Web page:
This plan of God is explained in several parts of Scripture. It is foreshadowed in the promise to Eve that her seed will crush the serpent’s head (Gen 3:15). It is foretold to Abram when he is called by God (Gen 12:1ff) and reiterated when the sign of circumcision is given (Gen 15, 17). It is established by the covenant with Moses and the people of Israel (Ex 19-23). It is further elaborated to David (2 Sam 7) and through Jeremiah (Jer 31). And it finds its fulfilment in Christ (Matt 5:17-20; 2 Cor 1:20) and his people (1 Pet 1:9-10; Eph 1:3-10).
This plan of God covers centuries of human history. Abraham is told some 400 years in advance that his descendants will be captive in Egypt and then rescued by God and taken to the Promised Land. God declares that all this will happen; and it does, because God’s word is as certain and reliable as the rain that waters the earth:
It will not return to me empty but will accomplish what I desire and achieve the purpose for which I sent it. (Isa 55:11)
The New Testament events are likewise under God’s control and part of his great plan. Jesus died to redeem us “when the time had fully come” (Gal 4:4). There is a sense of historical necessity about what Jesus came to do. Even though it involved the brutal execution of an innocent man, Jesus’ crucifixion was part of the Grand Design. It had to happen.
The details of God’s plan need not worry us at the moment. They are very important, and we will pursue them shortly. What is important to note at this point is that God has a plan and he works—sovereignly and irresistibly— to achieve it.
Having looked at the character of God as the Sovereign Creator, the way he relates to his people as Shepherd, and the cosmic historical plans he makes, we already have a solid basis for expecting God to guide us. However, it is also worth noting briefly that there are some direct statements in Scripture that God will guide. These statements are few in number, but they are there.
In Ps 25, for example, David pleads with God to protect him from his enemies. Based on his trust in God as his Saviour, David declares his confidence that God will guide the humble:
He instructs sinners in his ways,
He guides the humble in what is right
and teaches them his ways…
Who, then, is the man that fears the LORD?
He will instruct him in the way chosen for him.
He will spend his days in prosperity,
and his descendants will inherit the land.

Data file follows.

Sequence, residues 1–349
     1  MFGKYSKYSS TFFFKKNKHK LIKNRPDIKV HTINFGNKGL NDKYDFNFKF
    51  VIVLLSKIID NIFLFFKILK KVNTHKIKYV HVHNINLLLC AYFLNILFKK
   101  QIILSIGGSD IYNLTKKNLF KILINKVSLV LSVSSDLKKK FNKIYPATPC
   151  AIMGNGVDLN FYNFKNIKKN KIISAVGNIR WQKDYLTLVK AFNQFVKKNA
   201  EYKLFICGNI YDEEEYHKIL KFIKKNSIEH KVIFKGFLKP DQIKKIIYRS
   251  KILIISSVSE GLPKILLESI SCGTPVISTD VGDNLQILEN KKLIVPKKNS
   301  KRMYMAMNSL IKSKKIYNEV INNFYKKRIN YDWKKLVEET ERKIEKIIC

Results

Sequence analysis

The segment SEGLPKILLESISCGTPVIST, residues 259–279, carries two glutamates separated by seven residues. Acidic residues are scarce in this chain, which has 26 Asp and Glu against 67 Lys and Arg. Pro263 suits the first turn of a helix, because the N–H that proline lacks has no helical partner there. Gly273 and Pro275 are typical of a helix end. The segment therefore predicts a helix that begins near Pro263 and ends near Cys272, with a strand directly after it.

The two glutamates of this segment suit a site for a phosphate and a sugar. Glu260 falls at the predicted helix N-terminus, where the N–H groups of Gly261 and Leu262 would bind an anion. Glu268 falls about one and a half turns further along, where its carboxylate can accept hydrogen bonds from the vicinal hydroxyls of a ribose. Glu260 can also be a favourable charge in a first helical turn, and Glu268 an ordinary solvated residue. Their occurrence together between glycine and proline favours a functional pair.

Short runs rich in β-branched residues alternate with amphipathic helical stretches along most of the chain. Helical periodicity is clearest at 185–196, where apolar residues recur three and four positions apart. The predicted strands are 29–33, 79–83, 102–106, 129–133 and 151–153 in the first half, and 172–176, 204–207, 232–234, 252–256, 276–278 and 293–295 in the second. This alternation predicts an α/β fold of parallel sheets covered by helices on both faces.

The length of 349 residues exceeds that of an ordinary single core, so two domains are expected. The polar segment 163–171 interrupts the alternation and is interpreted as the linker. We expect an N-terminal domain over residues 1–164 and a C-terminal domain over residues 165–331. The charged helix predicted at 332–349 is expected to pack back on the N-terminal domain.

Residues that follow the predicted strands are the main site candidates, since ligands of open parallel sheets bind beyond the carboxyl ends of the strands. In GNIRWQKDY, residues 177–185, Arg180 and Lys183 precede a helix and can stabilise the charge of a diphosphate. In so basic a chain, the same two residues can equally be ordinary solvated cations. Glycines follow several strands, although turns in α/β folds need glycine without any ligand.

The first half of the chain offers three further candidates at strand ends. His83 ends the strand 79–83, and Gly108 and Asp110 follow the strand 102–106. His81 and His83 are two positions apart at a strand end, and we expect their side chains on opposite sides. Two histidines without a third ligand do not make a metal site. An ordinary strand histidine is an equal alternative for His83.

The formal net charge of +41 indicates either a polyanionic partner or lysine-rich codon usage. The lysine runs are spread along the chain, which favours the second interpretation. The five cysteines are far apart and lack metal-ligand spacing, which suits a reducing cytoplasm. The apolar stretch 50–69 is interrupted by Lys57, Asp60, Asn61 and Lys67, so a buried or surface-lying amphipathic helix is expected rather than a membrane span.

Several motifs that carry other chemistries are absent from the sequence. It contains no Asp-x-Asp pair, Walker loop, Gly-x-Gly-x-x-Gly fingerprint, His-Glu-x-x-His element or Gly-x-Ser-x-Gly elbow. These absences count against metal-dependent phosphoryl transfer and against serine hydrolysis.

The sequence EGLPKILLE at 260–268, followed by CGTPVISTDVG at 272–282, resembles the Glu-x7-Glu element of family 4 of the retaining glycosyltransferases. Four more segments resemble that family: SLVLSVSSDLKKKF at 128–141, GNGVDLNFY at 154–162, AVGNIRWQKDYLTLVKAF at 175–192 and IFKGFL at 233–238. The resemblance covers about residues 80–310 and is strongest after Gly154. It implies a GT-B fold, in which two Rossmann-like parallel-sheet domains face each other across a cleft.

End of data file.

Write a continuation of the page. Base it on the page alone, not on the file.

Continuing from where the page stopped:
The LORD confides in those who fear him;
he makes his covenant known to them. (Ps 25:8-9, 12-13)
There are similar ideas expressed in Ps 32:8 and in the well known passage in Proverbs: Trust in the LORD with all your heart and lean not on your own understanding; in all your ways acknowledge him, and he will make your paths straight. (Prov 3:5-6)
God undertakes to lead his people. As the Sovereign Creator, he has the power to do it; as our Shepherd, it is the way he relates to us; and as the Supreme Planner, he knows where he wants to take us.
This last point is crucial. We must understand where God is guiding us. God has a plan, a grand design, that he has been unfolding since before the creation of the world. What is this plan? Where is he taking us? Where does the journey end?
It is hard to do justice to the majestic plan of God in a few brief paragraphs! Perhaps the best we can do is choose a few key passages which outline what God’s plan is, and in particular the destination to which he is leading us. In the opening verses of Paul’s letter to the Ephesians, we find a great thanksgiving to God for the blessings which are ours in Christ:
Praise be to the God and Father of our Lord Jesus Christ, who has blessed us in the heavenly realms with every spiritual blessing in Christ. For he chose us in him before the creation of the world to be holy and blameless in his sight. In love he predestined us to be adopted as his sons through Jesus Christ, in accordance with his pleasure and will—to the praise of his glorious grace, which he has freely given us in the One he loves. In him we have redemption through his blood, the forgiveness of sins, in accordance with the riches of God’s grace that he lavished on us with all wisdom and understanding. And he made known to us the mystery of his will according to his good pleasure, which he purposed in Christ, to be put into effect when the times will have reached their fulfilment— to bring all things in heaven and on earth together under one head, even Christ. (Eph 1:3-10)
Here is a passage which speaks about God’s plan in grand terms, and gives us some insight into our place in the scheme. Paul thanks God for our election (v4), our adoption (v5), our redemption (v7) and our understanding (v8-9). Paul praises God because all this is God’s work. God has accomplished all this in his love and grace through Jesus.